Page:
I’ve been labelled a rebel, a nonconformist, and someone unlikely to succeed when I was in my senior year of high school. Not because I was any of those, but I wasn’t going with the flow as was expected of young adults back then. And honestly, that wasn’t intentional. I was following my curiosity and the answers weren’t convincing. So, I started looking for answers when everyone else tried to comply with the norms, standards, policies and procedures.
That might have been 2001-2, but I can confidently say that little has changed over the years, except that I’ve become more intentional about the art of non-conformity. It doesn’t have to be loud, bold, or over the top like John Boyd, an uncredited genius military strategist, who also happens to be one of my heroes.
And if you’re a leader, at any level, you must read his fascinating biography Boyd: The Fighter Pilot Who Changed the Art of War written by Robert Coram. Though there are several leadership lessons in the book, I found a few that were worth talking and sharing about:
“You gotta challenge all assumptions. If you don’t, what is the doctrine on day one becomes dogma forever after.“
Probably the reason why shutting the fuck up might not be the best thing for you to do. Of course, the above isn’t an invitation for you to be a disruptor but an insight that should prompt you to question, explore, and discover what’s beneath the surface.
Of course, not all assumptions are baseless. Some require an understanding that goes a level or two below the surface, allowing you to make better decisions. Or go along with the plan with sharper insights that might help you to create a different outcome than otherwise.
This one below is a pep talk that Boyd used to give to his junior officers or trainees when asked for career advice.
“Tiger, one day you will come to a fork in the road, and you’re going to have to decide which direction you want to go.
If you go that way, you can be somebody. You will have to make compromises, and you will have to turn your back on your friends. But you will be a member of the club, and you will get promoted, and you will get good assignments.
Or you can go that way, and you can do something — something for your country and your Air Force and yourself. If you decide you want to do something, you may not get promoted, and you may not get the good assignments, and you certainly will not be a favourite of your superiors. But you won’t have to compromise yourself. You will be true to your friends and yourself. And your work might make a difference.
To be somebody or to do something. In life, there is often a roll call. That’s when you will have to make a decision. “
I don’t have anything to add to that. Re-read it. Once more, please. And now, it might be a good idea to copy and paste that text onto your notepad app and print it out. It’s a powerful thought that’s bears re-reading several times over.
To be or to do? Which way will you go?
“If a man can reduce his needs to zero, he is truly free: there is nothing that can be taken from him and nothing anyone can do to hurt him.”
Boyd used to speak the truth. The cold hard type that nobody likes. As we know, telling the truth has power, but it comes with significant risks. The ones you can’t afford to take if material securities and possessions are an essential part of your life.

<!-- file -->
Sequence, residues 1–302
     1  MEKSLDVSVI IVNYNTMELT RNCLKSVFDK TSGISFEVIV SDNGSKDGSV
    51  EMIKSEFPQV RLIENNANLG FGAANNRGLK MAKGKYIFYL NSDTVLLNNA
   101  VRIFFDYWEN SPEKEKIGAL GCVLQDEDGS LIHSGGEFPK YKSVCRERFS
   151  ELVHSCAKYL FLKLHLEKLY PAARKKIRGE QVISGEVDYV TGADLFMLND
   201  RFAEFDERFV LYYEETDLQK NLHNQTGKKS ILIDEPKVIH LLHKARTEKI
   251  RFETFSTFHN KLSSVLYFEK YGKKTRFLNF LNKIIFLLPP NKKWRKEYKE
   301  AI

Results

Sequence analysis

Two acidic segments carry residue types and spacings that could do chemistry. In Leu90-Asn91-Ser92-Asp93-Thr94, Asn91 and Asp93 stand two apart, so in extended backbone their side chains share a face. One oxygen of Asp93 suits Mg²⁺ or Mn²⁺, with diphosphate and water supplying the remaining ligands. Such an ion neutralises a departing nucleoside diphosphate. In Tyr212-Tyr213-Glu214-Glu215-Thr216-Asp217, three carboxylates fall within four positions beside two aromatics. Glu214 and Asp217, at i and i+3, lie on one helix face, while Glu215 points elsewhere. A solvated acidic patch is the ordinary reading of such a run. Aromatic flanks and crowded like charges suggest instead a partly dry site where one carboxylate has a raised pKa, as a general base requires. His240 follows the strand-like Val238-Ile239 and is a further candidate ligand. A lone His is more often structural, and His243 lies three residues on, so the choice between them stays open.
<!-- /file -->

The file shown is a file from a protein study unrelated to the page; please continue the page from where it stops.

He was extremely frugal and lived in a tiny apartment while driving his cars literally to the ground. As you can tell, that’s not for everyone. But you don’t have to reduce your needs to zero like Boyd. Just focusing on the essentials might be good enough. The big idea is that achieving financial freedom can allow you to be truly fearless.
More the reason why you should be working towards downsizing your lifestyle to the absolute essentials. Not minimalism. Essentialism. There’s a difference.
The best way to change an institution is often not to drop out and rail against it from the outside but to stay in and transform it from the inside.
This idea is from Boyd’s profile on The Art of Manliness, and I love it! It’s so different from the usual reaction to quit everything and work towards a brand new start. Of course, Boyd was a patriot and loved his work with the Air Force more than anything else. He could’ve quit his job and found a better opportunity elsewhere but hiring someone as brash, blunt, and divergent of a thinker is a risk to any organisation.
Also, quitting wouldn’t solve the real challenge (as per Boyd, and he was right) that the Air Force was going through. So, yeah, he wasn’t going to be promoted, but he could still make a difference. Also as Brett & Kate McKay say, “Boyd hadn’t joined the military to accumulate insignia on his uniform; he was driven by the desire to “change people’s fundamental understanding of aviation” and sincerely wanted to make a significant, lasting contribution to warfare and the world. The Air Force was a highly imperfect channel to do so, but the best possible one.”
I think our world needs more people like John Boyd to shake us up from time-to-time. It might be the worthiest of all causes in our lifetime. And I believe we all could do our bit to be or to do. The question remains, which way will we go?